Cancer | Teen Ink


January 29, 2020
By jessorenberg BRONZE, Swampscott, Massachusetts
jessorenberg BRONZE, Swampscott, Massachusetts
1 article 0 photos 0 comments

Favorite Quote:
"My mind is a safe, and if I keep it then we'll all get rich." - Fall Out Boy

Cancer is like an oncoming car right before an accident. No one sees it coming, and no one can stop it. It kills people, destroys families, and ruins lives. It’s truly menacing, but like I said, it can’t be stopped. 

The day my father was diagnosed with cancer, it was spring. The day was warm and cloudy. There was a warm mist swirling in the air, and I could see only about ten feet in front of me. I was still in middle school. Eighth grade. Just 14 years old. At the time I was at a Residential Treatment Center in Logan, Utah. So we met with a therapist twice a week. My therapist’s name was Heather, and she usually met with me on Monday and Tuesday. It was a Thursday, and Heather and I had already met twice that week, so when she called me that day I knew something was up. When I got to her office, she had a pitiful look on her face, and told me my dad was on the phone. He had something to tell me. I walked in cautiously, I had no idea what was wrong, but I was getting an awful vibe from everyone. Heather took my dad off hold, and told him I was now in the room. He took a deep breath and told me he has stage 2 bladder cancer. At that moment I started crying. I was so scared. A 14-year-old girl, who’s best friend just told her he had cancer. 

“Daddy, are you gonna die?” I cried out with a sob.

“Sweetie…” He stopped, and thought about what to say next.

“Daddy!” I shouted at the phone.

“Sweetie, the doctors are going to take really good care of me, but they can’t guarantee anything. I don’t want to make you a promise I may not be able to keep.”

I was sobbing. My dad just kept repeating the same words. “I’m sorry, I love you.”

Six months later, he was cancer free, he had gone through chemotherapy, radiation, and gotten his bladder removed. The doctors were hopeful, and so was I. That September he took me to a concert at TD Garden. It was my first Fall Out Boy concert and boy, oh boy was I excited. Little did I know my dad was dying. A few months later, in december, he took me to another Fall Out Boy show, and he had to sit down the entire time. I had never seen my Dad so empty of energy. He was usually a fun, hyper, upbeat person. I knew something was wrong, and the next morning my mom and I took him to the hospital. They did a biopsy, spine down, and found nothing. 

It was february of 2018, my dad and I were out for Chinese food, and he said to me, “Sweetie, do you have any aspirin?”

I replied with a sweet, “No, suck it up, you’ll be fine.” 

30 minutes later he was on the floor of the restaurant unconscious. I immediately called 911, and then my mom. My mother was doing some shopping around the corner, so she got there before the ambulance. The hospital was a block away, so we decided that he’d get there faster if we just took him. We laid him down carefully in her backseat and sped to the hospital. When we got there my mom and I ran in and were yelling for help. A few nurses came out with a gurney and took him inside. They did a bunch of tests, but couldn't figure out what was wrong. Then I remembered he told me that he had a headache. I told the doctors, and they asked if he had a history of cancers or medical problems. My mom and I both responded with yes. He asked me if my dad had been touching or rubbing a specific part of his head. I told him he’d been pressing into the base of his neck. The doctor told us he needed to do an emergency biopsy. We just stared at them while they sped my dad out of the room. He looked like a corpse on a medical examiners table, about to be cut open. I started to cry from fear. I had adrenaline flowing through me, like the injections they were giving my dad. I could tell my mom was just as scared as me.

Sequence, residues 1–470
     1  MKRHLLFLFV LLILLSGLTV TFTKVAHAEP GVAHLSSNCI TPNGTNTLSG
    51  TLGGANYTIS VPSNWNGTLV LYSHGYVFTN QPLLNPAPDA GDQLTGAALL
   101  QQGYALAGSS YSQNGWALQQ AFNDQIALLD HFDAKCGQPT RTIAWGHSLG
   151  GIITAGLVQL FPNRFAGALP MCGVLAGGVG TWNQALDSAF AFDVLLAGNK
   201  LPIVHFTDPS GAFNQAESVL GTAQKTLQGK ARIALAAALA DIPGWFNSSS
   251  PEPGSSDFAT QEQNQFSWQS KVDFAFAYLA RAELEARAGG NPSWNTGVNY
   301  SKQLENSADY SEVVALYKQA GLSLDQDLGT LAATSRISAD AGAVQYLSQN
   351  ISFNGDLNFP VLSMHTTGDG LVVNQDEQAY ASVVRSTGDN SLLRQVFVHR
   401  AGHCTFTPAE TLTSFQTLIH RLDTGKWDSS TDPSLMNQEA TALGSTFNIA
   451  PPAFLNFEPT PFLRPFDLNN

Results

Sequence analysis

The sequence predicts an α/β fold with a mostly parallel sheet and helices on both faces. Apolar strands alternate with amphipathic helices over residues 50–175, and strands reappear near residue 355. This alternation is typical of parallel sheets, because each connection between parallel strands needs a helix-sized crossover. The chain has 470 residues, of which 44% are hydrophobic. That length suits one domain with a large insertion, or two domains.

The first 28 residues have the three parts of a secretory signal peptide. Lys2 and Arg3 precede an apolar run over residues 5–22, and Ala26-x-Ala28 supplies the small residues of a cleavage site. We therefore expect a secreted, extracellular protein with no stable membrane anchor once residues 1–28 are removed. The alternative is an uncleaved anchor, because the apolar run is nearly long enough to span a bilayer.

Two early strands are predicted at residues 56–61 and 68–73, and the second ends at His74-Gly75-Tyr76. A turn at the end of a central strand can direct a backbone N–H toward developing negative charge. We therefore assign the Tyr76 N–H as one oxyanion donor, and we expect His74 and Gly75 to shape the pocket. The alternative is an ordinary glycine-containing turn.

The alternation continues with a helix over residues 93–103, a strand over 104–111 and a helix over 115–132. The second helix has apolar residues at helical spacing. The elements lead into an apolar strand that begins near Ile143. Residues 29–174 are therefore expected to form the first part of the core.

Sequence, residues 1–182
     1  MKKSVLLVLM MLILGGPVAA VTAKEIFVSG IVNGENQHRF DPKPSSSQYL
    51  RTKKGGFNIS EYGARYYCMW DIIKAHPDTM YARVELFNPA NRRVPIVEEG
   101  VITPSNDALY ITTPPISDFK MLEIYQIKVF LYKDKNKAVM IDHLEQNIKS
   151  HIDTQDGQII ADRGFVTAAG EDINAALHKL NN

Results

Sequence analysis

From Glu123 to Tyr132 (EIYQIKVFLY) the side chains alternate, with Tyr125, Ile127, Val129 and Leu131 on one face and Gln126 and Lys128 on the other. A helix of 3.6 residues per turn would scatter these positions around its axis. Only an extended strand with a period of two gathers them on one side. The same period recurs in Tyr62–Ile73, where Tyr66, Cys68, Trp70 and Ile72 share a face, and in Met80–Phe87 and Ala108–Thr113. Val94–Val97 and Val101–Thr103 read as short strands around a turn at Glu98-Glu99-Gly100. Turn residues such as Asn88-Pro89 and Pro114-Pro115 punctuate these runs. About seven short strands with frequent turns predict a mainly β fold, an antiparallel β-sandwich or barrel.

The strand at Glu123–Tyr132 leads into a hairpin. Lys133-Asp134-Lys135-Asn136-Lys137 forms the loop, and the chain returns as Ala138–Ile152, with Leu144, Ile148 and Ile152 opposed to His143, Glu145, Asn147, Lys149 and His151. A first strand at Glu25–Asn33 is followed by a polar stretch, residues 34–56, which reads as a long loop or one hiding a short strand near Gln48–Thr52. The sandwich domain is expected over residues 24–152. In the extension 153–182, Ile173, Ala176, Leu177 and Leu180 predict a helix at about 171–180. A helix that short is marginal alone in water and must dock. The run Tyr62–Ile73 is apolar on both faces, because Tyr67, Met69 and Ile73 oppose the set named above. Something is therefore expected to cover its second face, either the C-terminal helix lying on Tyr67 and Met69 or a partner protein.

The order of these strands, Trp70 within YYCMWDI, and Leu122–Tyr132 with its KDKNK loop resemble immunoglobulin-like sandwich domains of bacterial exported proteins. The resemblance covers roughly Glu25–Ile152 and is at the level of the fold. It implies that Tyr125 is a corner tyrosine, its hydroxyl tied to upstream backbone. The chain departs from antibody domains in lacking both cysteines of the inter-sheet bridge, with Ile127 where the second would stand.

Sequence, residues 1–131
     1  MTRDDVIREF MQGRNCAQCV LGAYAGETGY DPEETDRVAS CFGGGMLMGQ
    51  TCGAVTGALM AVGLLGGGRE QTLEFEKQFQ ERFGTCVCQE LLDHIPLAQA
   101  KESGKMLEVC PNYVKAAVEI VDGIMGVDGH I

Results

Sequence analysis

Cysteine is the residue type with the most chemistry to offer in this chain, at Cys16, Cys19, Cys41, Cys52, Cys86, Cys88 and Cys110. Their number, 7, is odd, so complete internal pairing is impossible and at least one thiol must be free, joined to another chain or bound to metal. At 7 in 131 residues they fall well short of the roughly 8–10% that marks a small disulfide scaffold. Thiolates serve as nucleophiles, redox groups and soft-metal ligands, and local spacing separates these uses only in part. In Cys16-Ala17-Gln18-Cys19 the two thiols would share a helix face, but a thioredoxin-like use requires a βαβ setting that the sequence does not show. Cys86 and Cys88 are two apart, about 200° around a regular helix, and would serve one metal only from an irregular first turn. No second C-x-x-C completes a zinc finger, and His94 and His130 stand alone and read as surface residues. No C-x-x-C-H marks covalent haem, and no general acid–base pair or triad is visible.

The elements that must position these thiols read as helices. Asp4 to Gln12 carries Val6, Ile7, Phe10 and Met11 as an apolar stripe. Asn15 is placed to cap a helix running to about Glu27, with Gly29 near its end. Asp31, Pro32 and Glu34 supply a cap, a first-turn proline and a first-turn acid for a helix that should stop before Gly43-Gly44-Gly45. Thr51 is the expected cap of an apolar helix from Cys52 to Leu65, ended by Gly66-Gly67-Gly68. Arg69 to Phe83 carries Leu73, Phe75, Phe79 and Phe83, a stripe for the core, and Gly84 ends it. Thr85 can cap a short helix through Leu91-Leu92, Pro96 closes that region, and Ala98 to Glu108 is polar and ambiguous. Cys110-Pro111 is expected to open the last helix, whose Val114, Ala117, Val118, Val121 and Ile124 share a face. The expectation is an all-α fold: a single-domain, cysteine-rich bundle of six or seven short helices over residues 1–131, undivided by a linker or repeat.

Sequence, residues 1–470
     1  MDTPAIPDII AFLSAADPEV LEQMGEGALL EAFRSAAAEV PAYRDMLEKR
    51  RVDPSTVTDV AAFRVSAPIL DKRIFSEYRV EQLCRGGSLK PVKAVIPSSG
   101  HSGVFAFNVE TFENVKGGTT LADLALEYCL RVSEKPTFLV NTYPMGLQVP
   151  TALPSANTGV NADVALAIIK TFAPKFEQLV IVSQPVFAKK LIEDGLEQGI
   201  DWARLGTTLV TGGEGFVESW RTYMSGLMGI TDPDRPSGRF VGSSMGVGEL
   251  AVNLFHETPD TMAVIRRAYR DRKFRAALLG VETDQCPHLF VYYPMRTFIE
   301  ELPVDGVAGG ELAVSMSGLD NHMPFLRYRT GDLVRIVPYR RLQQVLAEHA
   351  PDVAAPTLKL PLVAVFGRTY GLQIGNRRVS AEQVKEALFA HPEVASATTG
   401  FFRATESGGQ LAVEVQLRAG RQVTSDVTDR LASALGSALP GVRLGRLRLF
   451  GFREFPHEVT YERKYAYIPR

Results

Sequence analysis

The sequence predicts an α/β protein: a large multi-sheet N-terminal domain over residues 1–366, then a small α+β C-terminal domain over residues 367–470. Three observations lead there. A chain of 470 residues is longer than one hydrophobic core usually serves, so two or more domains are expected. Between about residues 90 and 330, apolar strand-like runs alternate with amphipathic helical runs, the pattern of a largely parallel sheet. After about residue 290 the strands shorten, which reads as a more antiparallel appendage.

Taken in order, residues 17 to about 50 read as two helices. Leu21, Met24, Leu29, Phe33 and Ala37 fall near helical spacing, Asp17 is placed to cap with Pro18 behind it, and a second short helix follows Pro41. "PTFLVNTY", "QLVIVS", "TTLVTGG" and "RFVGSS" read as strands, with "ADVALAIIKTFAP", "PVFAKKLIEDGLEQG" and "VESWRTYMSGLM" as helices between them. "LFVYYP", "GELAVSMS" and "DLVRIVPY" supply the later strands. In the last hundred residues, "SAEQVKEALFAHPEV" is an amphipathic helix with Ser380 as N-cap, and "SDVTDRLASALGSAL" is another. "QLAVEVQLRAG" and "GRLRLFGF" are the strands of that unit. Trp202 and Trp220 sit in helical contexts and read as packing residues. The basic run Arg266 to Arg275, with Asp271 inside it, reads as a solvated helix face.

She said, “Honey, everything will be okay.”

I replied sharply, “You don’t know that!”

She sighed defeatedly. I could tell I had upset her. 

“I’m sorry, I’m just really nervous.” 

I was crying, and she just took me into her arms, and told me to fall asleep, because it would be a while. I didn’t even know how exhausted I was, and before I knew it I was asleep. When I woke up, my mom had her eyes closed, and she was snoring faintly. There were doctors talking outside of the room, and when I got up, one of them, a woman, came into the room and gestured for me to sit next to my mom. I sat, reluctantly, anxious to hear what the problem was. I tapped my mom to wake her up. Once she was awake, the doctor started telling us what was happening. 

“Nancy, Jessica, I’m doctor McClain. I’m the doctor assigned to Bob.”

“Nice to meet you.” My mom and I said in unison.

“I’m sorry to have to tell you both this, but Bob has been diagnosed with another two tumors. Both of them are malignant, and both are in his brain.”

“Okay, well, is he okay?” My mom said.

“Yes Ma’am, he’s okay. He’s obviously in a lot of pain, due to where the tumors are. One is attacking his brainstem, which sends messages to the rest of the brain, and one is attacking his parietal lobe, which processes the pain.”

My mom then started to look very worried. We all stopped talking, to leave the final question looming in the air.

“Is it terminal,” I blurted out. I regretted saying it the moment I let the words out. 

“I’m very sorry to say it is.”

She gave me and my mom a moment to comprehend the news, then continued.

“I want to let you guys know that his mind is going to start to fade. The tumor on his brainstem is slowly progressing, so he should be able to walk until the very end. However, the one on his parietal lobe is fast-moving, and I’m afraid will be the one to kill him. Would you like to know which parts of his brain will be the first to go?”

We both shook our heads. “Yes.”

“Alright. First, his parietal lobe is going to be taken over, and he will start to feel extreme pain in his head. That’s when we’ll start having to medicate him. He will be a little out of it. After his parietal lobe, if he isn’t dead by then, his frontal lobe will be taken. He will start to lose touch of what is going on, and will eventually not know anything going on.”